Lock Every Door by Riley Sager
No visitors. No nights spent away from the apartment. No disturbing the other residents, all of whom are rich or famous or both. These are the only rules for Jules Larsen’s new job as an apartment sitter at the Bartholomew, one of Manhattan’s most high-profile and mysterious buildings. Recently heartbroken and just plain broke, Jules is taken in by the splendor of her surroundings and accepts the terms, ready to leave her past life behind.
As she gets to know the residents and staff of the Bartholomew, Jules finds herself drawn to fellow apartment sitter Ingrid, who comfortingly reminds her of the sister she lost eight years ago. When Ingrid confides that the Bartholomew is not what it seems and the dark history hidden beneath its gleaming facade is starting to frighten her, Jules brushes it off as a harmless ghost story…until the next day, when Ingrid disappears.
Searching for the truth about Ingrid’s disappearance, Jules digs deeper into the Bartholomew’s sordid past and into the secrets kept within its walls. What she discovers pits Jules against the clock as she races to unmask a killer, expose the building’s hidden past, and escape the Bartholomew before her temporary status becomes permanent.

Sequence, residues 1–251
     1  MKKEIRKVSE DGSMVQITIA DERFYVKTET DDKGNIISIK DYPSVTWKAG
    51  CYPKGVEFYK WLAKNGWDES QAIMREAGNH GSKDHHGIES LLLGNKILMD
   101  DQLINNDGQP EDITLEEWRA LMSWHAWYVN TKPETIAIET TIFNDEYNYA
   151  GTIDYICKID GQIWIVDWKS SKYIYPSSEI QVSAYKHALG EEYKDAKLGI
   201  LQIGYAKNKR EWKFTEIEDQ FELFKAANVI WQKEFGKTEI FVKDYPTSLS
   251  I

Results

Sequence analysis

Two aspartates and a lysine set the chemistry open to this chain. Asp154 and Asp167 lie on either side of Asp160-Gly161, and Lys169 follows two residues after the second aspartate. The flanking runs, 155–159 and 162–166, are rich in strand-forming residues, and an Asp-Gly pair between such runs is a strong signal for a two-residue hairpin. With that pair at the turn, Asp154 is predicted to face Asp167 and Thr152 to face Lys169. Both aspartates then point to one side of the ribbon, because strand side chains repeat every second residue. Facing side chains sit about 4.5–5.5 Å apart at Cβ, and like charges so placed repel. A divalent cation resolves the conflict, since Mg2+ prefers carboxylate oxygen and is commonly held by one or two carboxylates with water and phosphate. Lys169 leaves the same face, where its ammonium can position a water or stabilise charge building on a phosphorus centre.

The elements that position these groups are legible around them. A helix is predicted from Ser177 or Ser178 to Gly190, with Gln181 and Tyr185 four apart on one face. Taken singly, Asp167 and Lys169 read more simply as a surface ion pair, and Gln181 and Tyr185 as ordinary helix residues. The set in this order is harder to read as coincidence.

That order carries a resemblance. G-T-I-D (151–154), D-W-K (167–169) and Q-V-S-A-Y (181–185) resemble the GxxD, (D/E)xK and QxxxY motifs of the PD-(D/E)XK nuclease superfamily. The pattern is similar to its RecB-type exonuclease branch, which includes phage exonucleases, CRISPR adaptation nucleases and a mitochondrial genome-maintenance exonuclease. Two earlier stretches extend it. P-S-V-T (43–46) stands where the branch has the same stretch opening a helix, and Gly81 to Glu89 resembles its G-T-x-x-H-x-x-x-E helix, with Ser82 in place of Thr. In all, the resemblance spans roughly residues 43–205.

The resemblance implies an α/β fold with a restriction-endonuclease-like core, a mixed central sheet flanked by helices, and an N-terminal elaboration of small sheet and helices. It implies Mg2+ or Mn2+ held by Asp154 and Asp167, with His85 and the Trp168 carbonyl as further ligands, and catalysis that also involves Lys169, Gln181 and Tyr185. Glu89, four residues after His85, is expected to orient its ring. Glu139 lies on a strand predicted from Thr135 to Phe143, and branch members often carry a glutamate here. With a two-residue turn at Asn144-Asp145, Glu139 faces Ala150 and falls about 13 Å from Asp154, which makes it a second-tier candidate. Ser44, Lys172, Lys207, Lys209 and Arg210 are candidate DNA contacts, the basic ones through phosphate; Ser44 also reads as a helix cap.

July 2nd, 2019
Lock Every Door was my third Riley Sager book. After loving The Last Time I Lied I had high hopes for Lock Every Door. The beginning of this book really pulled me in and I loved the setting at the Bartholomew. The idea of Jules housesitting in a luxury apartment when little things start to feel very wrong was intriguing.
Unfortunately, after a good start, the pacing just started to feel off and the story ended up dragging for me. There were little twists along the way but I just didn’t feel very connected to the storyline. I will say he did keep me guessing but when we finally did get our answer, it just didn’t work for me.
All of the signs and little things that kept us guessing did not line with how the mystery played out and it just made it feel like a very frustrating ride as the reader. I also was left wanting more. I wanted to know WHY and learn some of the backstories and instead, we just get this mediocre ending but not a lot of answers.
I do think some of this is just me. I get frustrated a lot with the thriller genre and the generalizing that happens, often so they can fit it all the thrills I am sure. I just didn’t really understand the why and it all seemed so far-fetched and out of left-field as a reader. This didn’t work for me but what I struggled with is exactly why so many readers loved it so I think it just depends on your reading preferences.
Thank you to NetGalley and Dutton for an advanced copy of this book in exchange for an honest review.